A note released today by the Union Finance Ministry on the recommendations of the Committee to draft a Code on Resolution of Financial Firms draws attention to the Insolvency and Bankruptcy Code, 2016 enacted by the Parliament earlier this year, which provides for resolution and liquidation of non-financial firms. It has been underscored in the basis of recent experience and research that resolution of financial institutions requires a special regime that is faster than any traditional insolvency procedure, where rights of the creditors and other stakeholders can be overridden in the interest of the financial system (including the consumers) and the economy.
The draft Bill proposes to establish a special resolution regime, in line with international best practices, for financial firms, including banks, insurance companies, financial market infrastructures, payment systems, and other financial service providers.
Under the Proposed Bill, the general direction and management of the Corporation will be conferred on the Board of the Resolution Corporation. This Board will comprise of representatives from financial sector regulators, like, RBI, SEBI, IRDAI and PFRDA; representatives of the Central Government as well as two independent members.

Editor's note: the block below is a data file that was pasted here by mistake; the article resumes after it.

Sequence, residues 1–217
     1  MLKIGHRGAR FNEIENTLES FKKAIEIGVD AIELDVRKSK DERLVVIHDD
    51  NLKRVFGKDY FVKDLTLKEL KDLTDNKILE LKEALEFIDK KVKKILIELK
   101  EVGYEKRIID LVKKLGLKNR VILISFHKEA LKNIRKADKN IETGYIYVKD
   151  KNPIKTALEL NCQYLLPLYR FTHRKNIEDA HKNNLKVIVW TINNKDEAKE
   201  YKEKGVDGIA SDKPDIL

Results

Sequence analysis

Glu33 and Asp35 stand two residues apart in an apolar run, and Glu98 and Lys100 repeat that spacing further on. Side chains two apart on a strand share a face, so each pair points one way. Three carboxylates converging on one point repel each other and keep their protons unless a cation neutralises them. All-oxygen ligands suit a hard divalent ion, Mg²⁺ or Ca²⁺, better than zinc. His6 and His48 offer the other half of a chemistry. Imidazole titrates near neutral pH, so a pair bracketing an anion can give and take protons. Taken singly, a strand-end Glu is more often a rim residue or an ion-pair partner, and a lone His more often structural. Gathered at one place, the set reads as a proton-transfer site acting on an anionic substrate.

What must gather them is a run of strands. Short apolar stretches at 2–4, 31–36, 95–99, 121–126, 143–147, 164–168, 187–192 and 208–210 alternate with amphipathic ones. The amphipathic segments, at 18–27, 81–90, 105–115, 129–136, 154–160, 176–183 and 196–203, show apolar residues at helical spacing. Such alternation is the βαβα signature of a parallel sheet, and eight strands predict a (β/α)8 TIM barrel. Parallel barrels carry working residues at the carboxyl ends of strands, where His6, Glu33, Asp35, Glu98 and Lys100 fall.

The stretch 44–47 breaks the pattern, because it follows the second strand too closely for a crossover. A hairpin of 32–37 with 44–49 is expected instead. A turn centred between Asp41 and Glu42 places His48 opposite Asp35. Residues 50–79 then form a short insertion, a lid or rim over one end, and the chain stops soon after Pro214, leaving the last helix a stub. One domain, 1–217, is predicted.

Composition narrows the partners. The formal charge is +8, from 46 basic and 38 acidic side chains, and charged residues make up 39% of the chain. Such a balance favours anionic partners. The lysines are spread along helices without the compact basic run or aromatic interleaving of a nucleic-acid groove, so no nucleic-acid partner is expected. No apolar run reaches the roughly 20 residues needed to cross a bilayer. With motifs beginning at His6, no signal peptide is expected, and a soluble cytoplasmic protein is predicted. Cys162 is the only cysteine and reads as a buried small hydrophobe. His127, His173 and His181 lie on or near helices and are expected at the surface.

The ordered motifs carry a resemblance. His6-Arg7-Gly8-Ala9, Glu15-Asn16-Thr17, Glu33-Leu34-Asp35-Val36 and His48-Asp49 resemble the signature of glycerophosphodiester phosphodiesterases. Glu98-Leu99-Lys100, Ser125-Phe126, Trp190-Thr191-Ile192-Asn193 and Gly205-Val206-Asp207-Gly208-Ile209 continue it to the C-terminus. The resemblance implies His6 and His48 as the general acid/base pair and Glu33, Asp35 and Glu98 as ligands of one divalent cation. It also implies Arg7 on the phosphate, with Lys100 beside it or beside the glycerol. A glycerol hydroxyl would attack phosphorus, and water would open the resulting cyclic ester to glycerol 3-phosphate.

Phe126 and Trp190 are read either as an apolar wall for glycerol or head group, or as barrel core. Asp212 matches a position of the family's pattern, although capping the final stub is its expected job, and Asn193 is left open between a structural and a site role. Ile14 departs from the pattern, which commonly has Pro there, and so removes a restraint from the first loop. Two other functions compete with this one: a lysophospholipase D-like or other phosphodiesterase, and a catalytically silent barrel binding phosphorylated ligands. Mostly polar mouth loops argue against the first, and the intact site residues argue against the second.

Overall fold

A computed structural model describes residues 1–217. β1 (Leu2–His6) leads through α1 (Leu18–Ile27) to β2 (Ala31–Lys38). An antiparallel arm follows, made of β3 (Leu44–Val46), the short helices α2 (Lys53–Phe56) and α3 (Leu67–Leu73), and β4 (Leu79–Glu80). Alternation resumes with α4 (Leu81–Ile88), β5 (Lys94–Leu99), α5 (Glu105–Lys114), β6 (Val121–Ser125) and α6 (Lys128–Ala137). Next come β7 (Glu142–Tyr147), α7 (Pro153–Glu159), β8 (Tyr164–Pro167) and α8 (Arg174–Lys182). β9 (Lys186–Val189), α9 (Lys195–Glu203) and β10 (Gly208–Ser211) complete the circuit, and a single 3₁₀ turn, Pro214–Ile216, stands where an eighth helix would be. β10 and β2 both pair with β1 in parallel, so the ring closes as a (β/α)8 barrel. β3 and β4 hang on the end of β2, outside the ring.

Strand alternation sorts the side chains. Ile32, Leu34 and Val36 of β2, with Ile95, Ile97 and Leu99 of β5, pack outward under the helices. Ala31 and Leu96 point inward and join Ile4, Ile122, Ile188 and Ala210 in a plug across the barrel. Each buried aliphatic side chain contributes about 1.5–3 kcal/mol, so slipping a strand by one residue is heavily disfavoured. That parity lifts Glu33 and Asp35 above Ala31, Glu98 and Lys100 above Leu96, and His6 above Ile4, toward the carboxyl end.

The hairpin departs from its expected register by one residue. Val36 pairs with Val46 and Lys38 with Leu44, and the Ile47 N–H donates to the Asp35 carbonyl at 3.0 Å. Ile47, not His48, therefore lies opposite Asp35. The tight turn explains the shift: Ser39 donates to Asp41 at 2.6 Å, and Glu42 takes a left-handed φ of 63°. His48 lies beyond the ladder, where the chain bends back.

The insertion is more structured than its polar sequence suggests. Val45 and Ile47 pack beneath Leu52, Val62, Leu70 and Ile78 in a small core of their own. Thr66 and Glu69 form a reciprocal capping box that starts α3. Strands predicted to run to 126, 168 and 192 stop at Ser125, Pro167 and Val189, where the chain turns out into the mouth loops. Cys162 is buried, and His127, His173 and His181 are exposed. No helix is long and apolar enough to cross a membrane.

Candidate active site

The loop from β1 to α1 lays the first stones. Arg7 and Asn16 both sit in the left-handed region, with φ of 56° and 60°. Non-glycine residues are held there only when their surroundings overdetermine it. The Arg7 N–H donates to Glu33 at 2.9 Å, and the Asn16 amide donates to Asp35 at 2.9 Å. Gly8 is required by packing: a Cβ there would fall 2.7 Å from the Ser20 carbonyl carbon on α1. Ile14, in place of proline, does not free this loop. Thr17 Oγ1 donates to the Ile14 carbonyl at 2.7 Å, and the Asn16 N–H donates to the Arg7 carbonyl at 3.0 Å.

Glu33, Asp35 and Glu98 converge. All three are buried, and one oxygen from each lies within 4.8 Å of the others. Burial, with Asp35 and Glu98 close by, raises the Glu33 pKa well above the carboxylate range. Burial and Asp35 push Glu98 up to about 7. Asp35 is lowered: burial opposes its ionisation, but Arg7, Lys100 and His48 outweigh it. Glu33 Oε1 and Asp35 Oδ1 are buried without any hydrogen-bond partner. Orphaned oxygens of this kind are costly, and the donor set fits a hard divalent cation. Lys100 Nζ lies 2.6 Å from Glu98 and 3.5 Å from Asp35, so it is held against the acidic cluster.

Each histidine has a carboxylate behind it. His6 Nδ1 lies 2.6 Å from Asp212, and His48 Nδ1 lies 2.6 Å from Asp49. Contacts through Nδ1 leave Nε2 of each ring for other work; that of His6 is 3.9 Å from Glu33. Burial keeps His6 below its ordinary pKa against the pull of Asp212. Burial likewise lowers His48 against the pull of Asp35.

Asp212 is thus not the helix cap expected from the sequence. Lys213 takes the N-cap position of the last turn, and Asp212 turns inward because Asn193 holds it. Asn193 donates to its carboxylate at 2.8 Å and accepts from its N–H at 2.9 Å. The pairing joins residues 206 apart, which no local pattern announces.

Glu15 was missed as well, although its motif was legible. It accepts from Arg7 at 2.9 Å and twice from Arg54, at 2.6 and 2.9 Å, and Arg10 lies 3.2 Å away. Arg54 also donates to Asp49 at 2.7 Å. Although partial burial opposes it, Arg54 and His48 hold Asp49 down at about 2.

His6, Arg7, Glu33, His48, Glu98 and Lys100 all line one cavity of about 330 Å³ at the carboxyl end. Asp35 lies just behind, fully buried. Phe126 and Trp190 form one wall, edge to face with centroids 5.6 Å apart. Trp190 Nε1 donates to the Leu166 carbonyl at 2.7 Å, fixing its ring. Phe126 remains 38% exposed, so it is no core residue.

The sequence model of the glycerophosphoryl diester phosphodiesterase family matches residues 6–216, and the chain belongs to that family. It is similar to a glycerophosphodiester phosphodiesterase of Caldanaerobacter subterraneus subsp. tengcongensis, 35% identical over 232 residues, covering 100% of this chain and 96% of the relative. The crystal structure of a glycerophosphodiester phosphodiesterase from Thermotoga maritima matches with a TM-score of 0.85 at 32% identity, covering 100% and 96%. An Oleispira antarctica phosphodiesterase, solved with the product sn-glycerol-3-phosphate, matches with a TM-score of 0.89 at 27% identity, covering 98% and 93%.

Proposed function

The draft Bill consolidates the existing laws relating to resolution of certain categories of financial institutions (“covered service providers”), including banks, insurance companies, financial market infrastructures, payment systems, and other financial service providers (excluding individuals and partnership firms) which are presently scattered in a number of legislations, into a single legislation, and provides for additional tools of resolution,to enable the new authority (“Resolution Corporation”) to maintain the systemic stability in the country.